If these do not net fruitful results, then dig into (6) portals organized by theme that would cover your topic (such as WRIs on land use and natural resources).

Next, investigate (7) portals organized by location, that would cover at least in part, your study area (such as Ordnance Survey for the UK, and state, province, region, or city (examples here for Oregon, here for a large city of Los Angeles, here for the small city of Oak Hill West Virginia.

Lastly, (8), because more and more research is tied to geospatial data (see our post here on this topic:  Part 1 and Part 2), therefore, check Google scholar, library databases, and other sources of peer-reviewed research, as well as conference proceedings from Esri, AGU, AAG, and other major events, to investigate the sources identified in the research.  Be tenacious: Often the data sources are listed at the end; sometimes the research will be published in a poster or a story map or other form of media; sometimes it may require you to contact the author to dig out the sources.

Words of advice.  Just like there is often no “single best source” for one specific topic on the web, no single “geospatial gold mine” exists that is the end-all site for spatial data.  However, this is actually a good thing, in my opinion.  Why?  It forces the user to think critically about the data sets that user may or may not choose.  As is clear on this data blog, choices abound.  Those choices require the user to investigate and evaluate each of them.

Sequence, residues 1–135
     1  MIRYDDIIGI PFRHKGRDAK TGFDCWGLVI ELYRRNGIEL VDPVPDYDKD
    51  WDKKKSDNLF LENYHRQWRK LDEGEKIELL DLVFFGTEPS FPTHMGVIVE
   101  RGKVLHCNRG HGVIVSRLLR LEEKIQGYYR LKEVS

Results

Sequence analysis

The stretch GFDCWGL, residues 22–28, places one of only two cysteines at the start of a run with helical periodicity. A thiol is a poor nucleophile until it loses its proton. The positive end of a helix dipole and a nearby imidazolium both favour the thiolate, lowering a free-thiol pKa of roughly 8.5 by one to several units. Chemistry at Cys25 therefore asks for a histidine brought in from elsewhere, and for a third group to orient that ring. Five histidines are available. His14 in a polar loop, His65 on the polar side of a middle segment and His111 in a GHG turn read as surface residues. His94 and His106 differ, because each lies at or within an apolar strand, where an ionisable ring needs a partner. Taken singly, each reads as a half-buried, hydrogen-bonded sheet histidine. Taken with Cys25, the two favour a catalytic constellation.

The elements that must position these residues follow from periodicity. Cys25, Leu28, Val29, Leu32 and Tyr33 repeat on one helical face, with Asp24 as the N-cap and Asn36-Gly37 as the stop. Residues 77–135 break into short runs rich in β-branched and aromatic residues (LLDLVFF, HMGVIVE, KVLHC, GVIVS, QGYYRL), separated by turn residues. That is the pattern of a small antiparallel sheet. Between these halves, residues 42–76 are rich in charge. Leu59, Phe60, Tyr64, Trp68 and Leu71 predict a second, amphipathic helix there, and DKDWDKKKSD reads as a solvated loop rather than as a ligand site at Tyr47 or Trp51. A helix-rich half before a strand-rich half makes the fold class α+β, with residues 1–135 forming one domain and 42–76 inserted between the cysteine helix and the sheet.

Example of these strategies in action.  Here is a sample data request I recently received:   We are working on a project involving drought in Colorado and we are looking for the following data:

  • Soil Moisture: Map of Soil Moisture for April 2013 – we found this source but the pixel size might be too large to be meaningful for a storymap that focuses on Colorado.
  • Precipitation: Is there a map of total precipitation for Colorado, 2013 water year (October 2012-September 2013)?
  • Streamflow: Time series of streamflow of Colorado River October 2012-September 2015 (with average streamflow marked).
  • Groundwater: Is there a spatial map of groundwater availability?
  • Reservoir Levels: Time series of Lake Powell water level for October 2012-September 2015.
  • Temperature – is there a map of temperature in April 2013 for across Colorado?
  • Agricultural Health: Is there an index for agricultural health? Would there be a time series or some data for 2013?
  • Water use: Is there a map that shows water use?